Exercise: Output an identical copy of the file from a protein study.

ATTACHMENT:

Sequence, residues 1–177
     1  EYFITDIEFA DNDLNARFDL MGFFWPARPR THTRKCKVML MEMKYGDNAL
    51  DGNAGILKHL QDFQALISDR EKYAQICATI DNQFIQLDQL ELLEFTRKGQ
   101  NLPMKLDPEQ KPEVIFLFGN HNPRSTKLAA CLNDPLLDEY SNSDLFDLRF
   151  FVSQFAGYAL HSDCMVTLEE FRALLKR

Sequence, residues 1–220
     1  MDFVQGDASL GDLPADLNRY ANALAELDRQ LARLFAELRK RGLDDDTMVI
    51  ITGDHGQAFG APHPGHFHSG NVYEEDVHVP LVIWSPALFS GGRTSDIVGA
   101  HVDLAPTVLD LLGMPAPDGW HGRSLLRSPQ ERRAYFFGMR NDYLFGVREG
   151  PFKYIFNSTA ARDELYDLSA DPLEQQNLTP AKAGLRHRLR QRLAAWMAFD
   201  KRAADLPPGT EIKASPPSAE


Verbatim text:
Sequence, residues 1–177
     1  EYFITDIEFA DNDLNARFDL MGFFWPARPR THTRKCKVML MEMKYGDNAL
    51  DGNAGILKHL QDFQALISDR EKYAQICATI DNQFIQLDQL ELLEFTRKGQ
   101  NLPMKLDPEQ KPEVIFLFGN HNPRSTKLAA CLNDPLLDEY SNSDLFDLRF
   151  FVSQFAGYAL HSDCMVTLEE FRALLKR

Sequence, residues 1–220
     1  MDFVQGDASL GDLPADLNRY ANALAELDRQ LARLFAELRK RGLDDDTMVI
    51  ITGDHGQAFG APHPGHFHSG NVYEEDVHVP LVIWSPALFS GGRTSDIVGA
   101  HVDLAPTVLD LLGMPAPDGW HGRSLLRSPQ ERRAYFFGMR NDYLFGVREG
   151  PFKYIFNSTA ARDELYDLSA DPLEQQNLTP AKAGLRHRLR QRLAAWMAFD
   201  KRAADLPPGT EIKASPPSAE